In the earliest days of building Great Question, we shipped products at breakneck speed. New features were released daily, customer requests were handled in hours, and a relatively small product surface area made it easy to keep track of everything.
Oh, how they were simpler times.
As we’ve developed, our product has become very broad— - it’s a vital part of our product strategy to build an all-in-one customer research tool.
There are three ways we work on continuous product improvement, above and beyond our regular product release cycles:
All of this is not to say we don’t work on customer needs or bugs at other times, and we absolutely do, but we also carve our dedicated time away from the demands of the product roadmap and long-term product vision to keep the trains running on time.
Papercuts is a meeting we run every week that aims to solve those minor annoying issues that otherwise might not get prioritized in our regular product roadmap.
It includes things like:
Papercuts could easily be ignored or possibly cleaned up whenever that piece of the product is next reviewed, but they quickly add up. If left alone for too long, the entire product starts to feel buggy, ill-thought-out, or out of date.
The papercuts session is run by Product Design Lead Sean Langton, who brought the concept with him from his previous team at Instawork. He takes submissions into a Linear project throughout the week and prioritizes the most critical issues working with support, sales, and success folks.
The meeting itself runs over an hour and a half, typically on a Wednesday around lunchtime, and is attended by everyone and anyone with the capacity. Usually, that will be our designers, 3-4 engineers, and often customer success + support folks.
Everyone will pick up a few tickets at the start of the meeting and then work through them one by one, calling out where they need extra help (like copywriting) or feedback on their solution.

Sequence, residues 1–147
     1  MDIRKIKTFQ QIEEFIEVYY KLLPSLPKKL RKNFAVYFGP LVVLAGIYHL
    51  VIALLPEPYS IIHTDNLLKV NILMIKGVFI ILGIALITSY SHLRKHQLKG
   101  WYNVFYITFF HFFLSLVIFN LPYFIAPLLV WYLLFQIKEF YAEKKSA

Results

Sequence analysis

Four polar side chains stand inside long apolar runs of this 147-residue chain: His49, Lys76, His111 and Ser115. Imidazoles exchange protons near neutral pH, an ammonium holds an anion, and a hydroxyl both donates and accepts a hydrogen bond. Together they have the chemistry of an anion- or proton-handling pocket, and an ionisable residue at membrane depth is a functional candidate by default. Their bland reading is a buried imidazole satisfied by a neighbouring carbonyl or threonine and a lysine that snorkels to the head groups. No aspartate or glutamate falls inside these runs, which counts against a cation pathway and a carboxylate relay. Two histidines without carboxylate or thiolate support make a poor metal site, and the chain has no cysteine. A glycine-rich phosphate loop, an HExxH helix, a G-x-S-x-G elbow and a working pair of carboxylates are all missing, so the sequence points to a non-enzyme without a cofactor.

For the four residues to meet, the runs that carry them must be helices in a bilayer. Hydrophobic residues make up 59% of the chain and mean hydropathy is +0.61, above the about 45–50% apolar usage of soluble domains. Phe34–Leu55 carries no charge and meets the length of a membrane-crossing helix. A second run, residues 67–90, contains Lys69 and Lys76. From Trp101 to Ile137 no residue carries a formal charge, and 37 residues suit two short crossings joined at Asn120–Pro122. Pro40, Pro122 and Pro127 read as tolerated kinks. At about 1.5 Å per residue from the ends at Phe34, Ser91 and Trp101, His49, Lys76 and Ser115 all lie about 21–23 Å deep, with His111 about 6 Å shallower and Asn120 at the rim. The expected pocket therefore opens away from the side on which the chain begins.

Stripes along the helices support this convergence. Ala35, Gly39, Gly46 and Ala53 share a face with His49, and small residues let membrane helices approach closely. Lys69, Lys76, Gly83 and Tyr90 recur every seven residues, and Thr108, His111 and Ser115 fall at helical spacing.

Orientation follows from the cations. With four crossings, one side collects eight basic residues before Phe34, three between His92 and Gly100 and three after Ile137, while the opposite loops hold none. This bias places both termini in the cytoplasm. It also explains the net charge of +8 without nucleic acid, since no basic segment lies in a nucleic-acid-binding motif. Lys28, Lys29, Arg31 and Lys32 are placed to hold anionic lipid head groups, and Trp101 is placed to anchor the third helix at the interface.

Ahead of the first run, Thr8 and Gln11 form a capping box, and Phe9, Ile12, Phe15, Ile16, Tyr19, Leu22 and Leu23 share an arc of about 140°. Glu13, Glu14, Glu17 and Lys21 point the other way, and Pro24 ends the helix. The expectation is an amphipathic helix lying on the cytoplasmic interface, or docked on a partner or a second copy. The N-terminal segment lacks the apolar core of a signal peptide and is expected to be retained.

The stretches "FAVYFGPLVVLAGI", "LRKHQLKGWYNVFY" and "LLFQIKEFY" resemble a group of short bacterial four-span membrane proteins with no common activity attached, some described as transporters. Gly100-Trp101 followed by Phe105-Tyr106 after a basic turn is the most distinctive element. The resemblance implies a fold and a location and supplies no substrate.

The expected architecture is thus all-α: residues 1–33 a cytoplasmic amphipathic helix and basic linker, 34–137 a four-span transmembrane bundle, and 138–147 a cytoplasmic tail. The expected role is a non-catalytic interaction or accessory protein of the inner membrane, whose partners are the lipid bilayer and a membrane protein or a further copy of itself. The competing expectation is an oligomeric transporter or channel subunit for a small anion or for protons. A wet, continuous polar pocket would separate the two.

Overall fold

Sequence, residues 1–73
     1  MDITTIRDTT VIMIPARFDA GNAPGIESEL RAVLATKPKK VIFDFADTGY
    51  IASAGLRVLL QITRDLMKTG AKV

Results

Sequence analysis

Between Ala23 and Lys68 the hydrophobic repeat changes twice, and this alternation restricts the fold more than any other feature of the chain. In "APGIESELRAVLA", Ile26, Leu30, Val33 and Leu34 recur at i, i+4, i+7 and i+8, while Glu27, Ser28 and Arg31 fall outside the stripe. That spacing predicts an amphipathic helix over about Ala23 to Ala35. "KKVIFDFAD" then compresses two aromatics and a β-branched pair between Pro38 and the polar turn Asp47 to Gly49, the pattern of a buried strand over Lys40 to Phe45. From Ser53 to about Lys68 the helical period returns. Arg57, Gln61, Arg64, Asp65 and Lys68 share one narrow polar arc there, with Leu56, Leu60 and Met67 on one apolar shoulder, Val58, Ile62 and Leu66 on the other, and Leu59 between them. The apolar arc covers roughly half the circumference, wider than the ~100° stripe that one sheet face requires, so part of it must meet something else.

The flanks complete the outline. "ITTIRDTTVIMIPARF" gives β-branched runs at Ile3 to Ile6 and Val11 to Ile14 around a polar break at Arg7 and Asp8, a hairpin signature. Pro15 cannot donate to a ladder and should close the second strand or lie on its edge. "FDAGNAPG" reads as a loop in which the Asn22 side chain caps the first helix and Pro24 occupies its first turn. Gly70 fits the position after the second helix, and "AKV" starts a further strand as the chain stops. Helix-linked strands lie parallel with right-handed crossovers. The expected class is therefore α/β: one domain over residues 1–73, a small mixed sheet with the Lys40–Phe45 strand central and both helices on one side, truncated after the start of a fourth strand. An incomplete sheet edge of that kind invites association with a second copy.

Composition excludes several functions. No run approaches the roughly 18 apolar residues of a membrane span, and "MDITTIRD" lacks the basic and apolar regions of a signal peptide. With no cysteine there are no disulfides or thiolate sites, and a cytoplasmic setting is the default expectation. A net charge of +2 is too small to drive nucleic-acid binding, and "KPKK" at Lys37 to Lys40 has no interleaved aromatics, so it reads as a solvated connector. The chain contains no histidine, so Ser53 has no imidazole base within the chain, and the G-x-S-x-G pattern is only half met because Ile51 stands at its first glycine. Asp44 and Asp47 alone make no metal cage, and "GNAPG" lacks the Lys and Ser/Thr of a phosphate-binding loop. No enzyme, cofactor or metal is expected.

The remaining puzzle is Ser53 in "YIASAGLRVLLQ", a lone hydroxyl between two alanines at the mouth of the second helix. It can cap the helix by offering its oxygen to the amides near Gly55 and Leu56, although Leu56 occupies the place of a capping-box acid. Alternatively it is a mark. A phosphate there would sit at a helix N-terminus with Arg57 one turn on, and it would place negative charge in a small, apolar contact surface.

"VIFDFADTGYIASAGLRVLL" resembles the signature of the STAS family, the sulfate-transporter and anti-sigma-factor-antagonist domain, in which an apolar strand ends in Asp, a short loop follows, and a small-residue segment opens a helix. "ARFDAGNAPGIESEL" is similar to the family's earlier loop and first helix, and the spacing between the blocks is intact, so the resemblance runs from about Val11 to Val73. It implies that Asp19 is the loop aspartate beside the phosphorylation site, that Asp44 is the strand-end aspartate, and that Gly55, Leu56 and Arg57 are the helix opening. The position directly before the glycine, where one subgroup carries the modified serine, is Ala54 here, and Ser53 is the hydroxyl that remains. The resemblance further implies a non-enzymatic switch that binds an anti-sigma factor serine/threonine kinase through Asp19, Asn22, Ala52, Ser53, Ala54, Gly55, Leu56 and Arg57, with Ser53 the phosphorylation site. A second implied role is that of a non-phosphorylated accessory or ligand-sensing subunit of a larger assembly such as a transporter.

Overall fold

In the end, we get to celebrate the fact we’ve made the product better in some small way.
We’ve done papercuts sessions for 18 months now, basically, since the day we started the company, and I firmly believe this is why we get such positive feedback on the beautiful product design + user experience.
Once a quarter, we run a “Customer Love Week”. This is for our time to solve issues that might only affect 1 or 2 folks, which might not get addressed with the rest of the product roadmap.
These items are typically more oversized than a papercut and could include bugs, missing functionality, or other quality of life items. Sometimes there are more extensive features here so long as they can be performed in a week and don’t de-rail the product roadmap. It’s a delicate balance.
Having these weeks at the end of the quarter helps to bookend the work we’ve done to deliver brand new functionality on the roadmap and acknowledges that not everything we work on can be net new - you have to keep the existing customers + product in shape too.
We’ve been doing Customer Love Weeks for six months now, and customer response has been awesome. I wish we’d started to do these earlier.
The Summer of Love is a new concept for us. We dedicate the month of July every year to customer-centric improvements. We dedicate 1/12th of our annual capacity on top of our quarterly sessions. Often, these items are too big to be done in a week but don’t necessarily make it into the product backlog. Technical + UX debt is a big part of this.
We solicit customer feedback to help us establish priorities and troll our ticketing system for long-standing bugs.
In particular, the Summer of Love focuses on:
This year some of the items delivered in the Summer of Love include:
Striking the balance between net new functionality, improving existing products, and eliminating technical debt is an eternal struggle. Putting in place systems to prioritize this work promptly has made it much easier to keep debt to a minimum while delivering value for all customers. We hope you’ll find it helpful and thank all of our customers for constantly providing feedback, we would be nowhere without you.
Ned is the co-founder and CEO of Great Question. He has been a technology entrepreneur for over a decade and after three successful exits, he’s founded his biggest passion project to date, focused on customer research. With Great Question he helps product, design and research teams better understand their customers and build something people want.